“The Path to Hell?”
What was the purpose of offering the statements? Were they introduced by the officer for their truth, and not to show the direction of the investigation, asked Chief Justice O’Connor? Did the officer just go into too much detail? Is it the process of identifying Ricks from the identification of “Peanut” that was objectionable—which was more than just a co-defendant identifying an accomplice?
Why did we even need to get into this, asked Justice Pfeifer? Why wasn’t the trial just about the evidence that the state knew about the defendant? Why not just have the officer take the stand and say “at some point in our investigation Ricks came to our attention. In the key exchange of the day, Justice Pfeifer said, “a rule that lets in otherwise impermissible testimony because it is not offered for the truth of the matter—that just seems like a path to hell.” If you’ve got this great case without this testimony, why use it?
Was the statement offered for something other than for identity, asked Justice Lanzinger?
How can “that’s him” be anything other than testimonial, asked Justice O’Neill? Isn’t the only reason Ricks’ picture was put into the array was because his co-defendant said, “that’s him?”
“That’s Peanut,”or “that’s him”—those are statements of identity—hasn’t the U.S. Supreme Court said that under that circumstance you have to put the individual on the stand subject to cross examination, asked Justice Lanzinger?
Apart from Gipson’s testimony, how did the police learn that “Peanut” was Ricks, asked Justice O’Donnell?
If the statement had been, that’s the guy who was part of the robbery, could that have come in, asked Justice French?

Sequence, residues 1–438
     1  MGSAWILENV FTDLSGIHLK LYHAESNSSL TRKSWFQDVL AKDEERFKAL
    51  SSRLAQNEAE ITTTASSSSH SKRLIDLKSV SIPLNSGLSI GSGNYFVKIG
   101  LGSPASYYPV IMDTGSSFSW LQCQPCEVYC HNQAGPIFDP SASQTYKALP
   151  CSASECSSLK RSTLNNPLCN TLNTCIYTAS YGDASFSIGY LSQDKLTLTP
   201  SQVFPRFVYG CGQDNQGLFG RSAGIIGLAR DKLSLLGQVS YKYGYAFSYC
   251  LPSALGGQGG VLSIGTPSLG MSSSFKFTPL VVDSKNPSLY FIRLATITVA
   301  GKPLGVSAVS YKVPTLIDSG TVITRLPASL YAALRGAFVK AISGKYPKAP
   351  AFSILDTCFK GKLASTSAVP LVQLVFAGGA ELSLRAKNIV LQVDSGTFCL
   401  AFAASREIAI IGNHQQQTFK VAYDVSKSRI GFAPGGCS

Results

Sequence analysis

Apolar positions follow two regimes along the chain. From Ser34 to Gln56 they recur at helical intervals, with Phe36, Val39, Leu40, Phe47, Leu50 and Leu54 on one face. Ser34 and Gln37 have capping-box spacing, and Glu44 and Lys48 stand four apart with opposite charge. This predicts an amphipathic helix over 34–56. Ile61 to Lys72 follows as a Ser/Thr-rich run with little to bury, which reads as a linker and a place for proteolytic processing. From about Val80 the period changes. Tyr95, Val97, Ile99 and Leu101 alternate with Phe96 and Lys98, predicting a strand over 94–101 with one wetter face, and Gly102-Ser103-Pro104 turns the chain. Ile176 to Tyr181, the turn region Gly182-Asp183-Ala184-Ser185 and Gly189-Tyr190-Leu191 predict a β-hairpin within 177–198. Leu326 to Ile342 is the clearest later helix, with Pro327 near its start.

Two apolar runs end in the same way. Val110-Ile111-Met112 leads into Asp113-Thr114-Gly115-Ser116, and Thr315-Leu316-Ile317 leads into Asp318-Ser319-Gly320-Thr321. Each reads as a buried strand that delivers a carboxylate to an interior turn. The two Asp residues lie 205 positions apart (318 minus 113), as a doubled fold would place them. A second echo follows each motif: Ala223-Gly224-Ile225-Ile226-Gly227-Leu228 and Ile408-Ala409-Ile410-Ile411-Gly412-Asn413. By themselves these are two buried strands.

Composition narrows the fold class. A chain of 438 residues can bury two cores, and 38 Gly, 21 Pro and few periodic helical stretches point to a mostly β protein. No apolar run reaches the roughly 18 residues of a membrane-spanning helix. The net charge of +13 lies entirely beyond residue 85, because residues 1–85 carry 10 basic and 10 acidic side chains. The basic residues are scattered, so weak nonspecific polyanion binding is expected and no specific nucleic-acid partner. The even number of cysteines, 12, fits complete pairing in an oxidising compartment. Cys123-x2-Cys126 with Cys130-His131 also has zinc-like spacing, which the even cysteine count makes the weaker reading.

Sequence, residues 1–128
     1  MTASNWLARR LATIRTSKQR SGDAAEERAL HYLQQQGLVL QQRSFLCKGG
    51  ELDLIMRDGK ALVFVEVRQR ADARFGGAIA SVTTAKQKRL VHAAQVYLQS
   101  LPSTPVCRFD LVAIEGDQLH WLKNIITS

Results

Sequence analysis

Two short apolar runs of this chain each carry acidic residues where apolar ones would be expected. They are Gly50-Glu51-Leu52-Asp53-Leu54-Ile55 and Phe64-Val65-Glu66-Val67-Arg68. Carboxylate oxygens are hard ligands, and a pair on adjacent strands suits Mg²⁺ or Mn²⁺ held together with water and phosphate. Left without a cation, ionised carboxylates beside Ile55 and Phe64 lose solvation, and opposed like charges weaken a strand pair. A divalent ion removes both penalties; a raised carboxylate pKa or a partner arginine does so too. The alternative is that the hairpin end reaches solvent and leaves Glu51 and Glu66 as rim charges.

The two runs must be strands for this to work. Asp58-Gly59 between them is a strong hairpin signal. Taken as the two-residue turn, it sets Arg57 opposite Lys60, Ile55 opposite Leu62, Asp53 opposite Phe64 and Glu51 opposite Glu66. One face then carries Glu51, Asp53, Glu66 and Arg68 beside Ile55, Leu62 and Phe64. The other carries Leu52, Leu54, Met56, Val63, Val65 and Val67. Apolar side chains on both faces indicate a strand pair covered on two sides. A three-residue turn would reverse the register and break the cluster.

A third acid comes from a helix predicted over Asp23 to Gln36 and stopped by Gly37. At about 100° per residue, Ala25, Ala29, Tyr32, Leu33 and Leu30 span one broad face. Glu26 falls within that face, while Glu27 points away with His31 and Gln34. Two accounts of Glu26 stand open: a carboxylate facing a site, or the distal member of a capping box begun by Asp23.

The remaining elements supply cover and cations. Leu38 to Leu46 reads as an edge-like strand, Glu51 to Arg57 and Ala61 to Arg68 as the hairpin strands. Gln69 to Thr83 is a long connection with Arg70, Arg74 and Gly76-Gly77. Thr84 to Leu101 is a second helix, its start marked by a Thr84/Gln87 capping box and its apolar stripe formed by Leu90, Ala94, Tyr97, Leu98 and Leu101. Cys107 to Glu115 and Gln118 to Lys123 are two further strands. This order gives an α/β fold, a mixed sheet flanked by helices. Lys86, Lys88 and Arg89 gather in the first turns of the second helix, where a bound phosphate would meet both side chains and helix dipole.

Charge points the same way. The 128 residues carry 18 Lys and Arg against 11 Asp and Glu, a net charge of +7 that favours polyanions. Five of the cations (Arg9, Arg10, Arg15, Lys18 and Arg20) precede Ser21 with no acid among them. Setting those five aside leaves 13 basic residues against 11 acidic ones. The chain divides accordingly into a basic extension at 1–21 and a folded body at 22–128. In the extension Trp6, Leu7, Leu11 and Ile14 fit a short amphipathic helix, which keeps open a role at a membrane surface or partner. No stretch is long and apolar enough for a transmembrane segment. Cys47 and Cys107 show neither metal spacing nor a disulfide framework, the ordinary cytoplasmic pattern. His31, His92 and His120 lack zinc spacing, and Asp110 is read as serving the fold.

The Curative Instruction
What was wrong with the curative instruction, asked Chief Justice O’Connor?
Even if a curative instruction cleans all this up, isn’t it a big problem when the prosecutor then uses the statement as substantive evidence in final argument, asked Justice O’Neill?
Should the admissibility determination be based on how prejudicial the admission was, asked Justice French? Isn’t that determination still quite discretionary?
A Bright Line Rule?
Are you looking for a bright line rule, Justice French asked defense counsel?
Justice Lanzinger asked if that bright line rule would be that a co-defendant’s statement identifying a perpetrator could never be offered through someone else. (answer–that wasn’t the propostion of law put forth by the defense, but it would be happy with it)
If There is a Retrial
What happens if Gipson then comes forward and testifies, asked Justice O’Donnell?
How it Looks from the Bleachers
To Professor Bettman
The prosecutor gave more of a jury speech than an appellate argument, to my way of thinking. Justices Pfeifer (clearly), O’Neill and Lanzinger seem ready to reverse, and probably can pick up another vote. Chief Justice O’Connor was hard to read on this one, pushing each side back some. Justice Lanzinger expressed the most concern about the interplay between hearsay issues and Confrontation Clause issues—a subject on which the Court recently granted reconsideration in State v. Hood (see this post.) To me, the disputed statement was clearly testimonial, (that really isn’t disputed), and clearly offered for its truth, even though it may have taken several steps to get from “Peanut” to Ricks. This looks like exactly the kind of statement Crawford would ban in the absence of an opportunity for cross-examination of the declarant. I’ve always had trouble with a curative instruction explaining why something was offered for a purpose other than its truth. And the use of that statement in final argument is troubling.
To Student Contributor Elizabeth Chesnut
Both parties met with resistance at oral argument, as one justice went so far as to suggest that the prosecution’s proposition of law was a “path to hell.” With the constitutional rights of future criminal defendants in the balance, it is clear that justices will not take their decision lightly. While it may come down to an interpretation of Crawford, it seems unlikely that the Supreme Court of Ohio will allow prosecuting attorneys to fill gaps in their cases with potentially unconstitutional testimony.